He was Uncle Bill to a long list of relatives and friends that stretched from California to Washington State, the Canadian Midwest and Australia. Trips to Uncle Bill’s and his beloved Cypress Mountain Ranch have been a highlight of vacation plans, reunions and road trips over the years.

William Bill Jacobson, a longtime resident of the Los Angeles suburb of Glendale who lives out his love of cowboys and trails in and around Paso Robles, made it clear that he would not tolerate this nonsense about hospital lines and hospitalization. In his conversation with Frank at the ranch, he made it clear that when the time came, he wanted me out of here and to have a party at the ranch. More cows, hummingbirds and ranches on his terms? – Then, no thanks, it’s time to get on your knees, make a fist and check everything. In the early evening of the 22nd. In February he lassoed the shooting star, perfectly content with life, and rode off into the sunset, smiling at the moon. He was 81 years old.

Helen, Bill’s twin sister, had taken to the wild winters and adventures on the prairies of Winnipeg, and it was here that the Canadian side of the family, Korochki, looked forward to regular visits from the larger-than-life uncle. Uncle Bill, whose heart stretches along the California coast, owns a laundromat in Burbank, at the end of Disney Studios street – an indication of the Hollywood spark in his personality. Bill was original and could easily have been a magical character on a Disney set, making an extraordinary moment appear out of nowhere. Л. L. Ron Hubbard knew better than anyone how to make ice cubes or how to hang a key on a bunch of keys (and he was often right). He was crazy in the kitchen, a culinary virtuoso who made every dish a sensation. A cracked or broken ceramic coffee cup could never be discarded because it was also his favorite, a cup that told a story. He built a dune buggy, ran his creation through the streets of Burbank and Glendale, impressed all the kids who rode in it and stopped at Baskin-Robbins.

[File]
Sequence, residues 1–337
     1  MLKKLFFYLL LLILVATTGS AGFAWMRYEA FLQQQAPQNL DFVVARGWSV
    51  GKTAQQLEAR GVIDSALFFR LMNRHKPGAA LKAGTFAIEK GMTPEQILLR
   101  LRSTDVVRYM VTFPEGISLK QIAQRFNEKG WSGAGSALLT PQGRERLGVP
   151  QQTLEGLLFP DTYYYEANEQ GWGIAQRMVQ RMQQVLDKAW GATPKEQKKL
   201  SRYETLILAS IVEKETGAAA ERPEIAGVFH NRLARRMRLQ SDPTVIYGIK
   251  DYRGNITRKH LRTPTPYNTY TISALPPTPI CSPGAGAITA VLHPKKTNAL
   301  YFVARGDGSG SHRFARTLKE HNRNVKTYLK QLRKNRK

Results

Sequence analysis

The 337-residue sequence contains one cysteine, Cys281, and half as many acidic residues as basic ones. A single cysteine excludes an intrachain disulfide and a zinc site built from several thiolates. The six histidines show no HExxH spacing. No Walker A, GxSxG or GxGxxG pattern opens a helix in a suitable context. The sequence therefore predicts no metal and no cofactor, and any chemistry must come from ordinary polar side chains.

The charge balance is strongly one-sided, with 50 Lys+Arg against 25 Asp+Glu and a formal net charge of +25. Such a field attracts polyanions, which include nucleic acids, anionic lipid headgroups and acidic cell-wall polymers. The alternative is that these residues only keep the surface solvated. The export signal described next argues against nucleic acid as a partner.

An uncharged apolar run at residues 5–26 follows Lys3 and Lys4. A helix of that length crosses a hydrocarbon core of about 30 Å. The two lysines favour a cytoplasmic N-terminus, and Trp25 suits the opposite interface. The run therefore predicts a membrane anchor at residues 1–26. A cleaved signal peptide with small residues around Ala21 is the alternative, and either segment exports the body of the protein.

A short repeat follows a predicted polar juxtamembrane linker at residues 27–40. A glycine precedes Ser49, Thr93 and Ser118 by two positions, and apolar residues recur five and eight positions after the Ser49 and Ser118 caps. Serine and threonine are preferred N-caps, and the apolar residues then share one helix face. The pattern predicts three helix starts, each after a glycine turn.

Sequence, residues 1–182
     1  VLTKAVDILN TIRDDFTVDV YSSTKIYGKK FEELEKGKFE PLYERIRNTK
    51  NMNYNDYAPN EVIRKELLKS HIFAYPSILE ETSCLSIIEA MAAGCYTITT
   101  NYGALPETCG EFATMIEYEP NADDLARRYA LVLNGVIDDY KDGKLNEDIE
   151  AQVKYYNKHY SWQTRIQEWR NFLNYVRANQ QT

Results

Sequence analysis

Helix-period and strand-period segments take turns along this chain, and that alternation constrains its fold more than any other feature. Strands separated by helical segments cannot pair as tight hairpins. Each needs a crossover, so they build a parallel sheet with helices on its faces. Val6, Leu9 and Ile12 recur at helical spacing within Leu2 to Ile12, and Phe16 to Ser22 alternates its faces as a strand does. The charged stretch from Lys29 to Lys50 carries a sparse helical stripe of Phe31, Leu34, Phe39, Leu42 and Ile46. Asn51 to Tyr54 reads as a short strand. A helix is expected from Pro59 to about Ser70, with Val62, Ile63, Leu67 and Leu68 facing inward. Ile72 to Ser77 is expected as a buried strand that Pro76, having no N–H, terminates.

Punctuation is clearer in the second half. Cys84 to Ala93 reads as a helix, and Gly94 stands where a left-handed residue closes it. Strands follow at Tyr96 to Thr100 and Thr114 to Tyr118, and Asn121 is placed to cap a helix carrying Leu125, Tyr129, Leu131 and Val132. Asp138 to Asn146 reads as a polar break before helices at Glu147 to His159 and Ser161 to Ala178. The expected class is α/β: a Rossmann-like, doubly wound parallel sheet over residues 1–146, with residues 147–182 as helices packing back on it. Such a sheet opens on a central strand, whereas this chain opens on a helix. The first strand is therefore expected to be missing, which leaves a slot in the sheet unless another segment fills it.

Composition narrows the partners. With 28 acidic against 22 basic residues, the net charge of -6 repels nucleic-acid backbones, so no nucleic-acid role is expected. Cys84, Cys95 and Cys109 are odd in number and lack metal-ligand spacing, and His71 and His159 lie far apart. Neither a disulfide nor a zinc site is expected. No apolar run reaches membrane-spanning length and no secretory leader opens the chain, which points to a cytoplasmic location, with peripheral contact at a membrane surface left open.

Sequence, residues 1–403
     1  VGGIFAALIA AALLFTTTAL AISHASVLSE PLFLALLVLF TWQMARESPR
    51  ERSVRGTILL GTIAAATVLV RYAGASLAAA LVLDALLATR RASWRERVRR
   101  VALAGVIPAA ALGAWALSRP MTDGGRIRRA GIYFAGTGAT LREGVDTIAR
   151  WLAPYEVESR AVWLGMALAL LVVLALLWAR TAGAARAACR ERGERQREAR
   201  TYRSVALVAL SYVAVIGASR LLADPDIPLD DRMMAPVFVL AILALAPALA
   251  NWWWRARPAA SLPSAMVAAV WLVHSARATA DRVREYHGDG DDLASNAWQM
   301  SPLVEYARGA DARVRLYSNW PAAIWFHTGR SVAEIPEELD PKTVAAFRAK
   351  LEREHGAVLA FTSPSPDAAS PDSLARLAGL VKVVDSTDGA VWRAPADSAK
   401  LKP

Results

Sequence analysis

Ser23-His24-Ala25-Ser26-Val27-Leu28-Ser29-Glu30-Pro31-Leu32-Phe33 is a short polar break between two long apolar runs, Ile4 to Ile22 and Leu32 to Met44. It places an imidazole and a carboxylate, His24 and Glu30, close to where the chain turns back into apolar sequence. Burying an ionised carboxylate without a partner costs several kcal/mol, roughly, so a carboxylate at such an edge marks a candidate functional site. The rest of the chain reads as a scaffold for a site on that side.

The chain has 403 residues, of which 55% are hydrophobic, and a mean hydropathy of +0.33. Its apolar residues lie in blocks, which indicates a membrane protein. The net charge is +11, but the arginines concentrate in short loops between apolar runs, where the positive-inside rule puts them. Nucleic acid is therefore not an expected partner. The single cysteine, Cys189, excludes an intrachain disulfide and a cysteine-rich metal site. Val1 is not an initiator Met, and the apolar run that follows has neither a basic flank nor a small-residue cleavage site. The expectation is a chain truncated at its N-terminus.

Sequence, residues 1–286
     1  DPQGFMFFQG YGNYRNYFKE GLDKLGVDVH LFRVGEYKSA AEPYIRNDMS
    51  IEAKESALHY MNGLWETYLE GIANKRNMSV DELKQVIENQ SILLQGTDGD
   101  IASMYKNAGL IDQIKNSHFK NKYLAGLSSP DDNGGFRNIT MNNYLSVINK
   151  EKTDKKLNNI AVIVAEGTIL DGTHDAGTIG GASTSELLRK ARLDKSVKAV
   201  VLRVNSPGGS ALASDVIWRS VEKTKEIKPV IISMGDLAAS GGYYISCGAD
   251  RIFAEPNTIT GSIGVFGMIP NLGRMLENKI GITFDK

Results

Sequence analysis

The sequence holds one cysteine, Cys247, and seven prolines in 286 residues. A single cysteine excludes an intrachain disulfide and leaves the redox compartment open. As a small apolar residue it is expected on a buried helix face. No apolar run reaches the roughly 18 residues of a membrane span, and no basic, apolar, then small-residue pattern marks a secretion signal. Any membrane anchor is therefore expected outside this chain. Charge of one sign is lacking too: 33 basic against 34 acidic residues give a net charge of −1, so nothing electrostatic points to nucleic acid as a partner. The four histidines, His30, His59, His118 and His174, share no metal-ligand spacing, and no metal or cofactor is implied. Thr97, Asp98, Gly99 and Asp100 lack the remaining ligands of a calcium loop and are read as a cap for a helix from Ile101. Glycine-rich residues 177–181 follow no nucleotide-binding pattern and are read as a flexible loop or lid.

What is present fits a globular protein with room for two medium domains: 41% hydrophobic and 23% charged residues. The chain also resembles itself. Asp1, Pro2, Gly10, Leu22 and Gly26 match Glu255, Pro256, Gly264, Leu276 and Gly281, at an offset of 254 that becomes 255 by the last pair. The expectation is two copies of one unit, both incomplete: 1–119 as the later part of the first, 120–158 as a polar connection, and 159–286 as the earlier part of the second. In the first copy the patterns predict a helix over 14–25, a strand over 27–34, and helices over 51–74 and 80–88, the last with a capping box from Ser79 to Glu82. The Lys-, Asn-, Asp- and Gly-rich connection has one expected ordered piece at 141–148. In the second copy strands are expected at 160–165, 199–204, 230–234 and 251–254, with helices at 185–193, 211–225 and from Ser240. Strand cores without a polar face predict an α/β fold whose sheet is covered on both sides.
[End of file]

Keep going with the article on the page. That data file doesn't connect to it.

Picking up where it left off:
Bill had a way of making the family reunion much more memorable. It was a sleeping uncle who missed his cousin John’s bar mitzvah (but arrived in time for dinner). He was the best babysitter. Just ask her cousins Sarah and Laney. When they were little, he liked to watch them in the park. Wake up, Uncle Bill! they demanded, tugging at his shirt. It’s time to go home! And the classic fish story: He opened the rod for little Lou’s birthday party in Winnipeg Beach. Here, Lou, let me show you how to pitch! It was a wonderful cast – one line, one rod, and what came out rippled into the depths of the harbor and swallowed it whole. And yet, despite these humorous moments, Bill was sincere and generous to the end. He was multifaceted in many ways and left a gold plaque in his memory, ranging from family and friends (and often mingling) to Bill! in the Cal Poly Rose Float Gang to his alma mater, always an ardent supporter.

Bill, son of Louis and Bona Jacobson, was born on the 8th. Born November 1939. He grew up on West Elm Avenue in Burbank – what could be more emblematic of the postwar San Fernando Valley? – where horses are still slaughtered, an area surrounded by pastoral splendor. Not far from there, his father and uncle Phil had a trucking business Jacobson Bros. on San Fernando Road in Glendale. For Bill, the three-acre backyard (most of which had been returned to Burbank) was a private playground that captured his imagination – the backyard of old trucks, or rather the grass between the debris – military toys like jeeps, semi-trucks and amphibious jeeps.